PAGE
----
The latest G is bigger, roomier, and more extravagant than ever. We give it a 10 out of 10 for comfort and quality.
Front riders get coddled in seats that offer at least 10 different positions, with more adjustments as well as heating, cooling, and massage functionality available. Adjustable air bladders in the bolsters can inflate or deflate automatically if the SUV senses a need to better secure the driver. Of course, genuine leather upholstery wraps the seats, with premium nappa hides on offer.
The sumptuous fittings extend the back, where riders will find plenty of leg room—39.5 inches of it, in fact. This is approaching full-size, crew-cab pickup roominess. The squared-off dimensions make for plenty of head room and shoulder room, and the big, upright windows give the interior an airy vibe.
In the far back, there’s 37.4 cubic feet of cargo space, which expands to 79.5 cubic feet when you fold down the rear seats. These dimensions become more noteworthy when you consider that the G-Class is only about 192 inches long; that’s about on par with a four-door Wrangler. For comparison, that’s also 5 inches short of a Range Rover, which can only carry up to 68.6 cubic feet of cargo space in its roomiest configuration.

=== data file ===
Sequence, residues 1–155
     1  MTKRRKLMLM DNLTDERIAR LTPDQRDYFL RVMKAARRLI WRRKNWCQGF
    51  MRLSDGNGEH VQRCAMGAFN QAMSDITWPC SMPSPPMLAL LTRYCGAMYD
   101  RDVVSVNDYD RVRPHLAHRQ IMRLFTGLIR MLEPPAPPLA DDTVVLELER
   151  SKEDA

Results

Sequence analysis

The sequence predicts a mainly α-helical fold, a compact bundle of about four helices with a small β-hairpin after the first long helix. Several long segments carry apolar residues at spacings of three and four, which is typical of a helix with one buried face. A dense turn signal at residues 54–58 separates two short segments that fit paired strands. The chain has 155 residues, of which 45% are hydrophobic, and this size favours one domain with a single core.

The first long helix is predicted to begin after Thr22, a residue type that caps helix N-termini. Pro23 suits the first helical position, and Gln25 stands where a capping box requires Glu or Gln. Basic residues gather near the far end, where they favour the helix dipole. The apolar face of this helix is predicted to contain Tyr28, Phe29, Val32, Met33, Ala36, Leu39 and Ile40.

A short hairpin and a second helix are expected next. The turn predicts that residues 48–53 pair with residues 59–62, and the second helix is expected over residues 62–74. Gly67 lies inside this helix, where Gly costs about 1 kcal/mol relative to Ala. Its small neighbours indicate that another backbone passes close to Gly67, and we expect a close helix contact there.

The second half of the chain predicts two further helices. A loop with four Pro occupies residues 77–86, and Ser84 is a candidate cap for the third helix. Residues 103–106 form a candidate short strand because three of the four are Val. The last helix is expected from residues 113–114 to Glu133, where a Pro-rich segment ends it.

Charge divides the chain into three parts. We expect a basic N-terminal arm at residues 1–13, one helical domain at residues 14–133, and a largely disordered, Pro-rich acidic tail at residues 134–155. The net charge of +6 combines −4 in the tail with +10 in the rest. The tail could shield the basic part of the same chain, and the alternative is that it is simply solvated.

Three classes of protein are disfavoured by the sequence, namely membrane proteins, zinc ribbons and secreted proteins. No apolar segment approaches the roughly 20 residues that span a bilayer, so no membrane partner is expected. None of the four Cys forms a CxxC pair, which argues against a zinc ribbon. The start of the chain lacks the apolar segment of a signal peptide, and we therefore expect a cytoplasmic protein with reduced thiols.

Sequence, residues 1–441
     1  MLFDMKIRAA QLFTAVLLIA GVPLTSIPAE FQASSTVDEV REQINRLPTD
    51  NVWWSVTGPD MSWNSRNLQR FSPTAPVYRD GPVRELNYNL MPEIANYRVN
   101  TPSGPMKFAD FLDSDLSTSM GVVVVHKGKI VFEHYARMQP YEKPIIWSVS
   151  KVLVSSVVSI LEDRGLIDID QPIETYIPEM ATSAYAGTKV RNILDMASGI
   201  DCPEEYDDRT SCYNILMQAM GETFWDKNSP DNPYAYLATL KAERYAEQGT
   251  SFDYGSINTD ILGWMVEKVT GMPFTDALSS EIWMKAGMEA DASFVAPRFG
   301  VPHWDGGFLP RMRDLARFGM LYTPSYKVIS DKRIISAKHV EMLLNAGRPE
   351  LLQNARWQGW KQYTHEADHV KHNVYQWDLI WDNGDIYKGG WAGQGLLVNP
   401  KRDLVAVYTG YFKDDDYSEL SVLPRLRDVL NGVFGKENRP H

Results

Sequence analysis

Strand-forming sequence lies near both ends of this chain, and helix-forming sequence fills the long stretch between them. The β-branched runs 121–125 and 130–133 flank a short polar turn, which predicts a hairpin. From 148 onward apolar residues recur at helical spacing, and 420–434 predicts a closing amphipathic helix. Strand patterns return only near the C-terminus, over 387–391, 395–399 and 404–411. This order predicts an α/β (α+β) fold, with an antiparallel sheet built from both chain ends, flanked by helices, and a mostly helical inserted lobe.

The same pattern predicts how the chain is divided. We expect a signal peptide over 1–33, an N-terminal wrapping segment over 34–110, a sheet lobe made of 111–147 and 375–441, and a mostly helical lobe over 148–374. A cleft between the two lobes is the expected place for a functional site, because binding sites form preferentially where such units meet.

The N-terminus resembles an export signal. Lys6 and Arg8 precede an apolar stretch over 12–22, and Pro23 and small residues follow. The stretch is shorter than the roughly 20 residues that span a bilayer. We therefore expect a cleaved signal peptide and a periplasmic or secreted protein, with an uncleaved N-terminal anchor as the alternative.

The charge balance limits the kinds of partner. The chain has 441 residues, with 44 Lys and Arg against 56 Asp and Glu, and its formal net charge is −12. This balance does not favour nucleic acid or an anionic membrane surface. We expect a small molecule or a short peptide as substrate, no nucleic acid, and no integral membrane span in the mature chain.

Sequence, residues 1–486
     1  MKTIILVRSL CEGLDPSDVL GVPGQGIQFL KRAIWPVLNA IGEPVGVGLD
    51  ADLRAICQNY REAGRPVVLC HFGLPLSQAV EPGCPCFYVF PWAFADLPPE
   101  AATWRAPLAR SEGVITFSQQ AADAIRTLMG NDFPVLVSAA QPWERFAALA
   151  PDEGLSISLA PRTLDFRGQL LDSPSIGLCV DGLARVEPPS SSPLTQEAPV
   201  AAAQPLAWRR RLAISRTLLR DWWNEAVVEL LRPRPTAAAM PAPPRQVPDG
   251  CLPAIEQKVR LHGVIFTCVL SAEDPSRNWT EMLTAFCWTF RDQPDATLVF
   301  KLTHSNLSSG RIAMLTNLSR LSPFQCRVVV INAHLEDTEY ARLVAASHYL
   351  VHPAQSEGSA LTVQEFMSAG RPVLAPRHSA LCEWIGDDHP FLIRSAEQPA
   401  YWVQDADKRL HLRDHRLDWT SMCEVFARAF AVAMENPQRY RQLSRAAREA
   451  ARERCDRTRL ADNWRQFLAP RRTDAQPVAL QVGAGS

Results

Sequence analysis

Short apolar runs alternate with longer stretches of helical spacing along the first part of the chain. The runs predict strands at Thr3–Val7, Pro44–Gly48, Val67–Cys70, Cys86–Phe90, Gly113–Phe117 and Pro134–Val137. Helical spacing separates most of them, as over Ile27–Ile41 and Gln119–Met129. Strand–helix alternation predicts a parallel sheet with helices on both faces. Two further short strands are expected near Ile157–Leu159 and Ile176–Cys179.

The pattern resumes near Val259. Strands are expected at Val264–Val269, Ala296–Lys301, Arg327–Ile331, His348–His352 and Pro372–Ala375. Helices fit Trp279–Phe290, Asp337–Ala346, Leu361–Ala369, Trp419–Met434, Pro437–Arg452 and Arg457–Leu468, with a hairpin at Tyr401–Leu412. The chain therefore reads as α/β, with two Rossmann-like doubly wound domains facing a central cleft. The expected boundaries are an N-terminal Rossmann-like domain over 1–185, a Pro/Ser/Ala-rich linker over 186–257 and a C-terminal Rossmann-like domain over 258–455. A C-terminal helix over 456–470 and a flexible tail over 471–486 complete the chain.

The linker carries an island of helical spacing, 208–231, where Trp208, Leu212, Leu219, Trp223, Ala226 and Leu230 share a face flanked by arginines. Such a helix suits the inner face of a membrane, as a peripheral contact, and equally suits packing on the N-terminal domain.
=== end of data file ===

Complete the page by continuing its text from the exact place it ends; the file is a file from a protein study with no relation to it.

But it isn’t the practicality of this box that keeps us and its buyers enamored with it; it’s the whimsical little details that underscore its absurdity. Door handles that were designed forty-plus years ago? Check. Door locks that slam shut with nail-gun authority? Oh yes. A spare tire you have to swing out of the way before loading up the hatch? You betcha. The G-Class is an expert blend of modern luxury and heavy-duty, uncompromised, and downright charming touches that you can’t find anywhere else.
2020 Mercedes-Benz G Class
No crash-test data for the 2020 G-Class has been published.
Because of the lack of crash-test data, we can’t rate the G-Class for safety.
Though it hasn’t been tested by the feds, Mercedes has done work to make sure the G-Class doesn’t get into a crash in the first place. There’s standard active lane control, attention assist, forward-collision warnings, automatic emergency braking, and even a waterproof rearview camera for those times you’re reversing through Lake Erie. Optional equipment includes blind-spot monitors, a surround-view camera system, active park assist, and adaptive cruise control.